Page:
Gülen’s early life experience with being circumspect about his religious identity, as well as his informal madrasa and Sufi connections, deeply influenced the operational culture of the movement he founded in the coming decades.

A Presence Movement

Gülen adopted Nursi’s description of his duty to be in the service of God and his religion, hizmet, and gradually expanded it into what can be described as a presence movement. Gülen’s philosophy was rooted in a strong conviction that if there would be a Muslim revival, this would not be through withdrawal from the secular public sphere. He understood the importance of Nursi’s ideas and reading circles in forming Islamic counterpublics as a form of passive resistance to the state-dominant Kemalist secular public sphere. Nursi’s passive resistance and that of other Islamic movements had paid off and preserved a strong Muslim identity in the periphery. The success of the Democrat Party (DP) against the Kemalist CHP after Turkey’s transition to multiparty politics demonstrated that the Kemalist revolution was far from winning the hearts and minds of the majority of the populace. Under the DP rule, Turkish-Islamic conservatism became a major intellectual influence against Kemalist secular nationalism.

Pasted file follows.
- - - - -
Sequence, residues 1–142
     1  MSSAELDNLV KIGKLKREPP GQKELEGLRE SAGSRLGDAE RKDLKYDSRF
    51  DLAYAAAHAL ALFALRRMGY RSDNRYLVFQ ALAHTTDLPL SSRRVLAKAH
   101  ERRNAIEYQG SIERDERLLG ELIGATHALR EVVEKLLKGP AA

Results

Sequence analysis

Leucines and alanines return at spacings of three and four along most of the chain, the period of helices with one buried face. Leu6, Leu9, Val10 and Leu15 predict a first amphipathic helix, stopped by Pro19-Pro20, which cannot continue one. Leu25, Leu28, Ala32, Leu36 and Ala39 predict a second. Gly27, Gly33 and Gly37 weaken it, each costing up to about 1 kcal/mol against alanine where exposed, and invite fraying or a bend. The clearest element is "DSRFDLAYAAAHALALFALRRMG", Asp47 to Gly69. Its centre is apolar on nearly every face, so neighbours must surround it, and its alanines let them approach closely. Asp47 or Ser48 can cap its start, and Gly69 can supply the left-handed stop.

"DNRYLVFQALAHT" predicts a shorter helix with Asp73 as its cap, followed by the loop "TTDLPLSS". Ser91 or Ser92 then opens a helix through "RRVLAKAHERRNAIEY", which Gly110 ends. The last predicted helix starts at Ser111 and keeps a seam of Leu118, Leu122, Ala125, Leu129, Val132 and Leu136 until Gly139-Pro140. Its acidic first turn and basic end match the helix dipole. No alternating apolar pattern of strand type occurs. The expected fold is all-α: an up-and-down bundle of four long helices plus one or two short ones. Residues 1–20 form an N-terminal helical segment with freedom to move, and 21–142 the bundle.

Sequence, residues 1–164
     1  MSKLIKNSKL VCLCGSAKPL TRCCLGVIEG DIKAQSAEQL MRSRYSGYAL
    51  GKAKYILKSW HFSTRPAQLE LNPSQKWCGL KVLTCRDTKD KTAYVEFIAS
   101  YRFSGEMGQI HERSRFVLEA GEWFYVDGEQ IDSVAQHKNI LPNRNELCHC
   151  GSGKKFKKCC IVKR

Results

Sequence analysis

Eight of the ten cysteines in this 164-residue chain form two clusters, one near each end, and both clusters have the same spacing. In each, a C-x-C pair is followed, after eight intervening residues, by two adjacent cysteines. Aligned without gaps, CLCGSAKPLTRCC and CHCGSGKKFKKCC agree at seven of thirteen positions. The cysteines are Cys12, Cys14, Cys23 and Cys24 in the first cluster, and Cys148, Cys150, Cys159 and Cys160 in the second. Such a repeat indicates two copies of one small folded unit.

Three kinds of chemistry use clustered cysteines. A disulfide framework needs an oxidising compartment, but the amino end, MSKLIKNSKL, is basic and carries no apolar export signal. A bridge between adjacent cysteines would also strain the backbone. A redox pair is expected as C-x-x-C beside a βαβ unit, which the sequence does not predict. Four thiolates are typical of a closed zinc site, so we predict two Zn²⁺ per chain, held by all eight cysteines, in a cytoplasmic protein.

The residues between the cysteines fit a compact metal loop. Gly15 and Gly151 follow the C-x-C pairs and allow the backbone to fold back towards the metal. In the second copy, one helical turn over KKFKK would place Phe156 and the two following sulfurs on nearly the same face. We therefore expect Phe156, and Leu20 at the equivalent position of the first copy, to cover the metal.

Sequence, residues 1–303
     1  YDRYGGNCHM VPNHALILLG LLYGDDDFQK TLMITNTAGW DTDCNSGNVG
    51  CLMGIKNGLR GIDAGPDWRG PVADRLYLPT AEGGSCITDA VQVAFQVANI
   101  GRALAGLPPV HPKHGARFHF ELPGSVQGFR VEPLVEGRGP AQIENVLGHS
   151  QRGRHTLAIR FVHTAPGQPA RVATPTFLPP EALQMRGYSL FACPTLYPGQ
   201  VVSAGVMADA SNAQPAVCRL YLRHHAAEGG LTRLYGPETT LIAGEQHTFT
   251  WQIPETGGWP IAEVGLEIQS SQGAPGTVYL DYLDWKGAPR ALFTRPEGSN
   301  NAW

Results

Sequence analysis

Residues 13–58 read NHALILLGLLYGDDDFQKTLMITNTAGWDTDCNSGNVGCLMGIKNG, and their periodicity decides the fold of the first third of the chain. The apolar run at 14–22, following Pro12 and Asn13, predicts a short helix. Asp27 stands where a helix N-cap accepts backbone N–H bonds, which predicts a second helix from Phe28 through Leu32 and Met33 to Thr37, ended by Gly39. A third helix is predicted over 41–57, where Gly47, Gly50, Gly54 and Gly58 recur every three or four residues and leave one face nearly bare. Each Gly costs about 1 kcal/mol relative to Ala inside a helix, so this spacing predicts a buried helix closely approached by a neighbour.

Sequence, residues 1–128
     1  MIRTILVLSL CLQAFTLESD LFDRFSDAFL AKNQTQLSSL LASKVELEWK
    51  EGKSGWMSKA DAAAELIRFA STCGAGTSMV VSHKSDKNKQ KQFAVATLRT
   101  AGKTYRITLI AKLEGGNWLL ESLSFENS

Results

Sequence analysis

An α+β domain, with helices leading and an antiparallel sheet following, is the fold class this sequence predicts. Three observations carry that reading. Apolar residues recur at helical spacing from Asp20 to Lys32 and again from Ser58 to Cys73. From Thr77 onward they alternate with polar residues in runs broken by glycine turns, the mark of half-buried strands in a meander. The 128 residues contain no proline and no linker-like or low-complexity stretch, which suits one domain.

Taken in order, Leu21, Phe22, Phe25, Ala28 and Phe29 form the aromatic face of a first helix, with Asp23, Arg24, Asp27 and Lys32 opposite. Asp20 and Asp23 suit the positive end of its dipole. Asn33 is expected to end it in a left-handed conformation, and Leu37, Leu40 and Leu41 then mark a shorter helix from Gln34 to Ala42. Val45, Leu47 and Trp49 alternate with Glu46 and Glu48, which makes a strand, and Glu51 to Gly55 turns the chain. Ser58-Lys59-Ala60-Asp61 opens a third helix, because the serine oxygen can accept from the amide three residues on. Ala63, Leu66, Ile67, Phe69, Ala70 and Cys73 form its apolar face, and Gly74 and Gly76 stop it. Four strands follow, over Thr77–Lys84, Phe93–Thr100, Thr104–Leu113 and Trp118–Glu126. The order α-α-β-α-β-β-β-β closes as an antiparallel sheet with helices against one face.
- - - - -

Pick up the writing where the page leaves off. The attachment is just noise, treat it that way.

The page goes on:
In addition to Nursi, Gülen was influenced by the leading intellectuals of this Turkish-Islamic conservatism, such as Sezai Karakoç, Necip Fazıl Kısakürek, and Nurettin Topçu. These intellectuals offered an alternative form of modernity, one that blended Islamic and Turkish identity, against the Kemalist model that aimed to combine Western and Turkish identities. Shaped by the emphasis of this conservative movement on reclaiming the Turkish Islamic civilization against the Kemalist goal of integrating Turkey into the Western civilization, Gülen came to believe that Muslims should be present in all facets of the public sphere and everyday life. As the DP government lifted many of the restrictions on religion in public life, Gülen gradually challenged elders of the Nur movement to expand their functions beyond reading and disseminating Nursi’s Risale-i Nur Külliyatı by publishing periodicals and opening student dorms. In effect, Gülen was looking to replace Nursi’s passive resistance strategy under the one-party rule with an active presence strategy under multiparty politics. In the next five decades, Gülen’s ideas and leadership would form a movement that was first and foremost about community-building: locally, regionally, nationally, and transnationally.